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Flyswatter in the Ointment

TAMARINDO – There’s a lot of moving and shaking going on in Tamarindo, the big little beach town in the northwestern province of Guanacaste. New construction and condo projects are springing up by the hundreds, poking through the green carpet of forest that surrounds the town, monuments to million-dollar deals and testament to the draw of the spectacular beaches nearby.

Tourists fill the dusty dirt roads on scooters and in flip-flops, be it high season or low. Celebrities pass through, a solid community of international expatriates and short-term residents seems to outnumber the Ticos by at least three to one, and there’s always something going on in “Tama.”

A new something adding to the buzz is Flyswatter, a locally produced magazine that is stirring up a mix of conversation, controversy and hope in the community.

Now six issues deep, Flyswatter blends satirical humor, local reviews and community activism in an attempt to give Tamarindo a voice and to call out what many in the area see as threats to their community, all the while entertaining its readers.

“More than anything, it’s just to say what needs to be said in this area – a voice for the community, but done in a way that is entertaining and fun,” explained Janet Raftis, who founded the magazine along with her husband David “Willy” Willoughby and a friend, photographer Sean Davis.

“There was nobody actually telling the truth. There was a lot of sunshine being blown up people’s asses,” Willoughby interjected.

“There was nothing funny or engaging, so we saw a niche.”

While presenting a mix of humor, reviews and light reading, the magazine has consistently tackled heavier issues – specifically unrestrained growth and development – winning both friends and foes in the small town.

“They’re not afraid of anything. They write what they see and talk about the reality in Tamarindo,” said Jessica Del Rossi, director of the Tamarindo Improvement Association.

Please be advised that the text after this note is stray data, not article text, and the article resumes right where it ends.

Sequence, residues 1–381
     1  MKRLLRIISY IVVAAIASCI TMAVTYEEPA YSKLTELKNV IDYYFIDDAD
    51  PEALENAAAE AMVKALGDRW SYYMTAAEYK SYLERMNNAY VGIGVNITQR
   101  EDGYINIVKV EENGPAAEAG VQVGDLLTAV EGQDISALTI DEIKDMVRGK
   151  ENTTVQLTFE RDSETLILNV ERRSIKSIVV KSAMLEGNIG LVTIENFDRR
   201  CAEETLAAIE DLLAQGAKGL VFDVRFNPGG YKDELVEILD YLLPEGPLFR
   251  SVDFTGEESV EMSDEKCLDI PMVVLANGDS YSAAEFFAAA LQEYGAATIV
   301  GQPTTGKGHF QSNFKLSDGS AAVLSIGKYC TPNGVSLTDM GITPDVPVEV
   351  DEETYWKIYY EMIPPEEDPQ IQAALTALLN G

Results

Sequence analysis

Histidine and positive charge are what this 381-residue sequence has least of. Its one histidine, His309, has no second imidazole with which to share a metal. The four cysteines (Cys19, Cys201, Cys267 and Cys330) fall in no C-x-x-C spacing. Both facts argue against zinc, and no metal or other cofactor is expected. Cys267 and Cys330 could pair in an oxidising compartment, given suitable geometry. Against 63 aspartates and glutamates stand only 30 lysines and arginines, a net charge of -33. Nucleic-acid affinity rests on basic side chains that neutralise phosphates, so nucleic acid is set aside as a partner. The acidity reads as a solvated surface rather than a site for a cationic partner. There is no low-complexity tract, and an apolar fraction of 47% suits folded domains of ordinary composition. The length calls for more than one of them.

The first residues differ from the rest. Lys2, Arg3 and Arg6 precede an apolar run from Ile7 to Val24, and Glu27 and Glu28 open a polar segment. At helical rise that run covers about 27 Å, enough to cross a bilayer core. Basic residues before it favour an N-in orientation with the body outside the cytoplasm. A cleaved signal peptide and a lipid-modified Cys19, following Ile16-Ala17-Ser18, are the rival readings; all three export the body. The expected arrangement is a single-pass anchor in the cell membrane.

From the start, the magazine took Tamarindo’s problems head-on. The cover of the first issue shows a sign giving directions altered to read: “Walking? From this Hostel – Crime 95 sec. Potholes 30 sec. Crack 180 sec. Hookers 70 sec. Realtors 205 sec.”

One page into the same issue, Flyswatter opened with a story about unchecked growth in Tamarindo and the chaos the writers say has resulted.

“It’s obvious that Tamarindo is not the same town it was five (ten, fifteen, twenty) years ago,” the article reads in its opening paragraph. “With more people flocking to ‘paradise,’ the reality of this paradise is that we’re losing what we came here to find.”

This theme, in different variations, has been repeated in every issue, as the pages reveal a complex love-hate relationship with the town.

From crime to obnoxious tourists to garbage, Raftis, Willoughby, Davis and other contributors air their complaints each month (or so) about the daily annoyances, big and small, that come with living in Guanacaste’s most popular beach town.

These grievances are mixed with regular features such as book reviews, restaurant reviews, party reports, random fun facts and trivia, as well as fake ads and a hidden picture of Raftis and Willoughby’s dog Kitty in each issue. The first reader to find Kitty allegedly receives an award of dubious value.

“Some of it is purely inane stuff,” Raftis said.“People tell us they read it from cover to cover, and that’s a huge compliment. I think it comes from that balance.”